Do You Need Motorcycle Insurance for Your Moped?

Do You Need Motorcycle Insurance for Your Moped or Scooter?

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A moped or scooter can be a cheap, convenient alternative to a car for getting around town. But you may well need motorcycle insurance for your ride before you strap on a helmet and hit the streets, depending on what you ride and where.

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Moped, motor scooter or motorcycle?

Generally speaking, states consider any two-wheeled vehicle with an engine smaller than 50 cubic centimeters or a top speed under 30 mph — 35 mph in some places — to be a moped. This includes low-speed versions of what you may think of as a motor scooter — a two-wheeler with a platform for your feet, like a Vespa — and classic mopeds, which have pedals like a bicycle, plus a motor. Idaho, Nebraska and New Jersey define mopeds as having pedals, although Idaho adds in slow electric bikes without pedals.

For insurance purposes, motorcycles are two-wheeled vehicles that go faster or have larger engines than a moped. This definition includes faster and more powerful motor scooters.

States that require insurance

NerdWallet reviewed rules about insurance for motorcycles, scooters and mopeds in every state, plus Washington, D.C. Nearly all states — 46 plus D.C. — require liability insurance for motorcycles, including faster motor scooters. But only 24 states and D.C. require liability insurance for mopeds.

Nearly all states require insurance for motorcycles, including scooters with an engine of at least 50 cubic centimeters or a top speed of at least 30 mph. Most states classify slower two-wheelers as mopeds, with varying insurance requirements.

Do you have to buy liability insurance for it?

Motorcycle & fast scooters

Mopeds & slow scooters

Alabama

yes

yes

Alaska

yes

yes

Arizona

yes

yes

Arkansas

yes

no

California

yes

yes

Colorado

yes

yes

Connecticut

yes

no

Delaware

yes

no

Florida

no

no

Georgia

yes

no

Hawaii

yes

no

Idaho

yes

no

Illinois

yes

yes

Indiana

yes

no

Iowa

yes

yes

Kansas

yes

no

Kentucky

yes

no

Louisiana

yes

yes

Maine

yes

yes

Maryland

yes

yes

Massachusetts

yes

no

Michigan

yes

no

Minnesota

yes

yes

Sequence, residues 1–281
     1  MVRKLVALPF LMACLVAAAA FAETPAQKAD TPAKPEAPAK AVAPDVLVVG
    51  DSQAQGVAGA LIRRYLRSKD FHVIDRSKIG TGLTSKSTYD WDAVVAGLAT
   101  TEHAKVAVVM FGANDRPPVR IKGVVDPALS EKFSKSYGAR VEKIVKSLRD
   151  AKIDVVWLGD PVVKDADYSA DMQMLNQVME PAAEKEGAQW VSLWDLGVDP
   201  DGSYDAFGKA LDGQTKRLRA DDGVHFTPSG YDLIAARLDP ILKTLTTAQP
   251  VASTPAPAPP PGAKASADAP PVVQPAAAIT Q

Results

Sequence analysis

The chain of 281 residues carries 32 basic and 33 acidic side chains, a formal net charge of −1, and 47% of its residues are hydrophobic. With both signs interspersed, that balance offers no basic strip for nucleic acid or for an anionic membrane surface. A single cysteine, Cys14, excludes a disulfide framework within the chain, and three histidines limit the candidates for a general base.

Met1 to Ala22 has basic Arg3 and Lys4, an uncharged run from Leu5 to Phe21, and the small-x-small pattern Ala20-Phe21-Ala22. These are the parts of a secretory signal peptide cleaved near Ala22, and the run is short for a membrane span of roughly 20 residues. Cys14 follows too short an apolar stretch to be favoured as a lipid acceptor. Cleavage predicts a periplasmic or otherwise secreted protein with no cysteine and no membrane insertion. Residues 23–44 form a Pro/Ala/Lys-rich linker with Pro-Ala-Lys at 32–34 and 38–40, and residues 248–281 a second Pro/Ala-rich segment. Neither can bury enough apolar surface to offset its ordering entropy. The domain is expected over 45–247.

Mississippi

yes

yes

Missouri

yes

no

Montana

no

no

Nebraska

yes

no*

Nevada

yes

no

New Hampshire

no

no

New Jersey

yes

yes

New Mexico

yes

no

New York

yes

yes

North Carolina

yes

no**

Ohio

yes

no

Oklahoma

yes

yes

Oregon

yes

yes

Pennsylvania

yes

yes

Rhode Island

yes

yes

South Carolina

yes

no

South Dakota

yes

yes

Tennessee

yes

no

Texas

yes

yes

Utah

yes

yes

Vermont

yes

yes

Virginia

yes

no

Washington

no

no

Washington, D.C.

yes

yes

West Virginia

yes

yes

Wisconsin

yes

yes

Wyoming

yes

no

* Must have pedals to be classified as a moped. ** Will require insurance for mopeds as of July 1, 2016. Source: NerdWallet research of state publications and codes.

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States that require insurance for mopeds generally exempt bicycles. Many also exempt Razor-like scooters with small motors, which may not be allowed on roads. Some states allow local jurisdictions to impose insurance requirements.

Notably, Florida, Montana and Washington don’t mandate insurance for motorcycles, while New Hampshire doesn’t even require car insurance. But these states often require motorcycle owners to show proof of insurance or an acceptable alternative, such as posting a bond equal to required liability limits, for three years after causing an accident or being cited for a serious violation.

If you lease or finance your moped, the leasing company or lender almost certainly requires you to buy insurance to protect its investment. Even if you aren’t required to buy liability insurance for your moped or scooter, it’s a good financial safety net.

Aubrey Cohen is a former staff writer at NerdWallet.


Image via iStock.

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